Clarity in Wealth

What type of people spend £85,000 + VAT for seven days of therapy? The answer is millionaires… of which Leicestershire appears to have more than its fair share. And the ludicrously expensive therapy referred to is provided, ever-so-kindly, by Jamie Smart — author of the just released #1 best-selling self-help book, Clarity: Clear Mind, Better Performance, Bigger Results (2013).

Until last year Smart worked from Aylestone, Leicester, as the owner of Salad Seminars — which appears to be “one of the premier NLP [Neurolinguistic programming] and hypnosis training companies in the UK.” He then sold this business to an old NLP friend, and has since set out upon a new therapeutic trajectory which he has trademarked as Innate Thinking® and which he administers from his new base in Mayfair, London.

So if you have a spare £85,000 to hand, then Smart offers exclusive Clarity Retreats where he says: “You and I spend 7 days together in a beautiful location of your choice doing 1:1 coaching and mentoring to create your most wonderful life.”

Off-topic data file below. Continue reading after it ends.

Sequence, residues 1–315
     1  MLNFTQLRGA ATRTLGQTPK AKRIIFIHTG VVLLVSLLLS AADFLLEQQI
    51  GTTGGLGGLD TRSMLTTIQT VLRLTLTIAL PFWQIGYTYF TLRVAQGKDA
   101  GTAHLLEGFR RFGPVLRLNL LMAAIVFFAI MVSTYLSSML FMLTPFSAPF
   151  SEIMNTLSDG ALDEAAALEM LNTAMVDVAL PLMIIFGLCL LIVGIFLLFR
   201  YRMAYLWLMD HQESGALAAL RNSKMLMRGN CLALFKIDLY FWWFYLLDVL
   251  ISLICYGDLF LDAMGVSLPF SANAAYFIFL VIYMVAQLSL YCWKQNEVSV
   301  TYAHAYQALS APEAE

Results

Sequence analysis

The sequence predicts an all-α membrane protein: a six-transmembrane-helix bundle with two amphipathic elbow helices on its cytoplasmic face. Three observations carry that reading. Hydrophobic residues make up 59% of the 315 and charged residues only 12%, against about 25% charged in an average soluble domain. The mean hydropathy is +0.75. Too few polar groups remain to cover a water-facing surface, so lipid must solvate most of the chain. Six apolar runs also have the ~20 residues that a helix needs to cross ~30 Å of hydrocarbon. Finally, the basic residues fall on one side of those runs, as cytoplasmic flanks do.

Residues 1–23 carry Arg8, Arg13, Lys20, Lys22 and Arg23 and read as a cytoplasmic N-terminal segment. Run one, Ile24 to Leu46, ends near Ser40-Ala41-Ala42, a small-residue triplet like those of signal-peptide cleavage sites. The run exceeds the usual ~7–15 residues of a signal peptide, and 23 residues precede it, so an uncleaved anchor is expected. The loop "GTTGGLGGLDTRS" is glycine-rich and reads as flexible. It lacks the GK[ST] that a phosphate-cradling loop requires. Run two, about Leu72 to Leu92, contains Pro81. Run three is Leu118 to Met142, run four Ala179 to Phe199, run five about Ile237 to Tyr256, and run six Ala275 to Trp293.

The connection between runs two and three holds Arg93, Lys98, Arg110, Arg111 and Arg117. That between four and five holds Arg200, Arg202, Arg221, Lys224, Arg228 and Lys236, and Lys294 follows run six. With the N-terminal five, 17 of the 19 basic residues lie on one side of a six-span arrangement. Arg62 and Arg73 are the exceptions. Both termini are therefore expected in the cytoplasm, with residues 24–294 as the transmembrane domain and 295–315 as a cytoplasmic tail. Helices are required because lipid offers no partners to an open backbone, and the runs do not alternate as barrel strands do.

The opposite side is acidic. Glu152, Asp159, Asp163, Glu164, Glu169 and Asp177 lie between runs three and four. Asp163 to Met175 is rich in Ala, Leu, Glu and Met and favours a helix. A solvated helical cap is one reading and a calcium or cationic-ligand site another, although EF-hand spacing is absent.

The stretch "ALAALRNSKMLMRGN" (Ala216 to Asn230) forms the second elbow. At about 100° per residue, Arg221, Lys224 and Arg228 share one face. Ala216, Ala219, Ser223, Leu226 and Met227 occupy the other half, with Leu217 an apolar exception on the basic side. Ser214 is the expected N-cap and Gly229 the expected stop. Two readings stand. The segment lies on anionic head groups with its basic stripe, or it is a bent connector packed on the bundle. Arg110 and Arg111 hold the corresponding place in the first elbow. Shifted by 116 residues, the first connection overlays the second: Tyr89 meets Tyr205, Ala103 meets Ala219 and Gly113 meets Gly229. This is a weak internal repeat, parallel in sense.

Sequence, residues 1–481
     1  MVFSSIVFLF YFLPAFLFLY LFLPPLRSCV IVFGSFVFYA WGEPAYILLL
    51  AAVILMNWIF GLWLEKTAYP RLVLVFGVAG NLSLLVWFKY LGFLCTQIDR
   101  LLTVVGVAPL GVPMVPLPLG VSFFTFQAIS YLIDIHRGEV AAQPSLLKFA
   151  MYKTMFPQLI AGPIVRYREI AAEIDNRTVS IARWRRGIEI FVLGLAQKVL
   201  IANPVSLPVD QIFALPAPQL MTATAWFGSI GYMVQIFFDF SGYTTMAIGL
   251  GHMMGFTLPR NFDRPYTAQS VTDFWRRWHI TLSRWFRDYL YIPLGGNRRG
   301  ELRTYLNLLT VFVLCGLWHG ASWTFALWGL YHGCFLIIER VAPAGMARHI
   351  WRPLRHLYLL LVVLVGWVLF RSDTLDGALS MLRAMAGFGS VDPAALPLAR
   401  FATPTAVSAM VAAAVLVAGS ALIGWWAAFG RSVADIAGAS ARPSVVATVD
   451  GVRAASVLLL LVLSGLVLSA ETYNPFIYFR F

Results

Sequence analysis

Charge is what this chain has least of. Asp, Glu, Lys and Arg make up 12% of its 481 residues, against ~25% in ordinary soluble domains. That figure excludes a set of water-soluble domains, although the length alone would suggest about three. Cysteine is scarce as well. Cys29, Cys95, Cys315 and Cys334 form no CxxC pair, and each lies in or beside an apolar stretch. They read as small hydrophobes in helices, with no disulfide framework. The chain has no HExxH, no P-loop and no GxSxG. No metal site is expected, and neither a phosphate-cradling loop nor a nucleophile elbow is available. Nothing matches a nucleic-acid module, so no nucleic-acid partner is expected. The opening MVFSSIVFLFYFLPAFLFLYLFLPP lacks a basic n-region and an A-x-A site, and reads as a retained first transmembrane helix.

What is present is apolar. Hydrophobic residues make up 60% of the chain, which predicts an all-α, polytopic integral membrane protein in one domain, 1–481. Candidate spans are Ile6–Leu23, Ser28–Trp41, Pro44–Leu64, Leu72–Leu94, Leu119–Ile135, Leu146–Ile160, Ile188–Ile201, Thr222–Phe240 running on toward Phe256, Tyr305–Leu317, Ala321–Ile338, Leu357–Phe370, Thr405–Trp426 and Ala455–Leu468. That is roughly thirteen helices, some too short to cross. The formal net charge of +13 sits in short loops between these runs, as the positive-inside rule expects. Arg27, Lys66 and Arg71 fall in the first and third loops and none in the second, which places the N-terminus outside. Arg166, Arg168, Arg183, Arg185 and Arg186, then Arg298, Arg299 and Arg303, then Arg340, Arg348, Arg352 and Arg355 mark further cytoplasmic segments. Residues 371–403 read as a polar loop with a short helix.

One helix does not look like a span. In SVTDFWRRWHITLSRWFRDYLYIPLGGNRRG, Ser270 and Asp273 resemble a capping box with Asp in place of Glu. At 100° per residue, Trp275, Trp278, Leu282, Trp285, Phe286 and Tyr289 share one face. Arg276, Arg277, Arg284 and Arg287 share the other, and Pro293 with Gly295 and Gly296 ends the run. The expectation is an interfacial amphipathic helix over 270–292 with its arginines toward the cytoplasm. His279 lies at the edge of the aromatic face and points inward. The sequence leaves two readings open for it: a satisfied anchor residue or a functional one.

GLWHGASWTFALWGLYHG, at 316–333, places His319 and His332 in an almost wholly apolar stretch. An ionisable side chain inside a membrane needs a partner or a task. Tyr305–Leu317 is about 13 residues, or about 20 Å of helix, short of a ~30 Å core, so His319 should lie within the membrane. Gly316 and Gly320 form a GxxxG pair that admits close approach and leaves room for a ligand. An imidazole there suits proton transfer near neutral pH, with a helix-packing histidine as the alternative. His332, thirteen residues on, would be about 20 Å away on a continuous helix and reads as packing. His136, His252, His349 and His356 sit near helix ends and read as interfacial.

This is apparently a holiday strictly reserved for those wealthy capitalists, or idle rich, who have “found the limits” of their “current ‘game plan for living’, and have an adventurous spirit”; unfortunately, the rest of us will simply have to make do with his book, or attend one of his many public talks.

So what is the secret behind what Smart has termed Innate Thinking®? Well it turns out that Innate Thinking® is a fairly shallowly disguised rehash of the theosophical mysticism that was made popular in the mid-1970s (in Smart’s homeland of Canada) by the late Sydney Banks (1931-2009).

As Smart recounts in Clarity, his path to eventual clarity was not an easy one and he had to “read hundreds of personal development books” and attend dozens of self-help courses; and even then, despite raking in millions via his NLP enterprise, Smart sadly “wasn’t having a feeling of success.” This had been an ongoing problem for Smart, and he writes:

In brief: I grew up in an alcoholic household and started drinking heavily when I was 12 years old. By age 19, I was a scholarship engineering student and a full-blown alcoholic. The alcohol was like rocket fuel for my life — I got jobs, was promoted rapidly, and started experiencing many of the trappings of success – expense accounts, foreign travel, luxurious surroundings — but on the inside, I was slowly falling apart.